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As a child, George Mason’s son, John, remembered the school house as a stand-alone structure to the left of the mansion. In 1956, an archaeological dig located the foundations, and the schoolhouse was reconstructed in 1962.
For the first fifteen years that the Mason family lived at Gunston Hall, the tutor lived and taught the Mason family children in the mansion itself. Once the Masons had this special structure constructed, the tutor relocated. By that time, most of the Mason girls had finished their academic lessons. The school house became the domain of the Mason boys and other young wealthy male neighbors.
Lessons were taught by a succession of tutors, many of whom were indentured servants from Scotland. In exchange for a fixed period of work, Mason provided their passage, a nominal annual wage, and a place to live. Their personal room was likely fitted with a bedstead, an old chair, and the few possessions the tutors could fit in a wooden traveling trunk or a leather suitcase known as a portmanteau.
The classroom was likely plain and furnished with some schoolbooks on a wall-mounted shelf, communal benches, a small table or two, maps, slates and slate pencils, few paper booklets or loose pages, pencils, quill pens and ink, and at one point, a collection of wild animals held in cages or open weave baskets.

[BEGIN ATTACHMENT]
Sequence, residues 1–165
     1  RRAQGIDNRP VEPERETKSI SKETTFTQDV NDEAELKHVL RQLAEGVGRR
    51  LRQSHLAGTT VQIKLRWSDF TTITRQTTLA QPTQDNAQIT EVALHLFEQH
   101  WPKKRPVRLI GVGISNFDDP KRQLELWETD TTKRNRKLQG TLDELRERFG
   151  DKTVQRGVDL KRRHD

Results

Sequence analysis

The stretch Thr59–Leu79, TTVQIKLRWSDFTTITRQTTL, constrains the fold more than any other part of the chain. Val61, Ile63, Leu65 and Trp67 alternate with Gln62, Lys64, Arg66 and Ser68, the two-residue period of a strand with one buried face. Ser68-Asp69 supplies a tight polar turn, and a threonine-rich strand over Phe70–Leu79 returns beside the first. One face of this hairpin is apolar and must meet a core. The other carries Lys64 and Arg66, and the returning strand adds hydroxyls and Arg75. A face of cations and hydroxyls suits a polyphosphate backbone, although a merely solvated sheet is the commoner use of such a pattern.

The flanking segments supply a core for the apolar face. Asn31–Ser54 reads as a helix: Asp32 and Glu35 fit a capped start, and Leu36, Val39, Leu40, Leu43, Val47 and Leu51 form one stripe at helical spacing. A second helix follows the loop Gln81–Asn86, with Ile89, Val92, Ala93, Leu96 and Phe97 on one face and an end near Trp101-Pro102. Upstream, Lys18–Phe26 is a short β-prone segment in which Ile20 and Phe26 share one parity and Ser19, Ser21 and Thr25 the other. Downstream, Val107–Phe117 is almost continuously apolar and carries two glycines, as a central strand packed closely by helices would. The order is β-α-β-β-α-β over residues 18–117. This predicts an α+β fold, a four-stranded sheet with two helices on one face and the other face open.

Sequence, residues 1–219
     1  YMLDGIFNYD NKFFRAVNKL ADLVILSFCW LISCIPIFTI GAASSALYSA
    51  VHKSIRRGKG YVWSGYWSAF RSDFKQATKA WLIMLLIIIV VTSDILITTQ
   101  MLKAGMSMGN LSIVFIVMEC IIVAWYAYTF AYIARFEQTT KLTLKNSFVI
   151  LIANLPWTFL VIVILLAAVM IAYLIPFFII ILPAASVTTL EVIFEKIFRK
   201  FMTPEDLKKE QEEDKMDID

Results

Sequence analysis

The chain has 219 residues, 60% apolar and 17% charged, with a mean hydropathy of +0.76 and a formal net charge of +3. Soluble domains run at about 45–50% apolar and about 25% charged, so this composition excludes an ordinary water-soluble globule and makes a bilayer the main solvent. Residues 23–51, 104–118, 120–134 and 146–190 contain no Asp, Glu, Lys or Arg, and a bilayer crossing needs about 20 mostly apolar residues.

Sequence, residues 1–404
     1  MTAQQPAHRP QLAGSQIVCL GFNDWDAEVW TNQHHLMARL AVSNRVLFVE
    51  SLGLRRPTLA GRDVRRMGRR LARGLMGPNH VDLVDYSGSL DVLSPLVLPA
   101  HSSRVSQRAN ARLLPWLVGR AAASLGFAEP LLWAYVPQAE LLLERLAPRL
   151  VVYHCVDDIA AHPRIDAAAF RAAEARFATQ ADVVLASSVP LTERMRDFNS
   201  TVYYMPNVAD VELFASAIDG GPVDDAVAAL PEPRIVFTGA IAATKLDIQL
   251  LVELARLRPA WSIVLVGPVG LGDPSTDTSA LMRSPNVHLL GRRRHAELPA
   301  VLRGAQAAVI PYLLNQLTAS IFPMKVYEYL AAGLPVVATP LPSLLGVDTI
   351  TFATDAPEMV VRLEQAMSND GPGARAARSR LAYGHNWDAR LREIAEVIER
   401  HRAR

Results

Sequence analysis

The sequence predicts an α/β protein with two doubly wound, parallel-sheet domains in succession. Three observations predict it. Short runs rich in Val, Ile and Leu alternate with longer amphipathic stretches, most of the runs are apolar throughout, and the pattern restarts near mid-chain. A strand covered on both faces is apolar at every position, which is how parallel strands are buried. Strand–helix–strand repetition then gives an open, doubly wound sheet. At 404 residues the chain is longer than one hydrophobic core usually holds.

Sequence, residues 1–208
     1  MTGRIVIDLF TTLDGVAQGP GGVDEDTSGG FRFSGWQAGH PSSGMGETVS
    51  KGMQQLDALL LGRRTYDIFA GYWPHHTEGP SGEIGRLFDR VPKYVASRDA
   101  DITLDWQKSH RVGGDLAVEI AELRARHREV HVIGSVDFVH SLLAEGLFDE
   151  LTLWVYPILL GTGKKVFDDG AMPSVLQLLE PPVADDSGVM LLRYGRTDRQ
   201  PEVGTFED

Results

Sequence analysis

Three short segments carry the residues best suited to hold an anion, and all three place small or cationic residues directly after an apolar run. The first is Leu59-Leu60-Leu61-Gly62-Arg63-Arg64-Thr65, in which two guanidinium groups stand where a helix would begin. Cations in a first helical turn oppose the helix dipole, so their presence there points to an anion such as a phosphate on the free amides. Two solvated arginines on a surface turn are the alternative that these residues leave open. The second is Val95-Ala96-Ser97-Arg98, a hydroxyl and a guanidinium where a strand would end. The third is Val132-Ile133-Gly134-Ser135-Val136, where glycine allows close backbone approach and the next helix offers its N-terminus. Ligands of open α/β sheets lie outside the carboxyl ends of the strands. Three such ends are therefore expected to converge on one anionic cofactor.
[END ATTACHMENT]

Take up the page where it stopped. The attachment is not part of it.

The room was alternatively hushed and riotous, filled with the sounds of recited lessons or the scratching of slate pencils on slate. Hats hung on the pegs behind the door, ready to be slapped on the children’s heads when they were released for play or a meal.
Access to formal education was a privilege of the wealthly. At the time, only about 10 percent of people who were enslaved learned enough writing to be able to sign their names. Literacy was more common among free people. Still, fewer than three-quarters of free white men in Virginia could sign their names.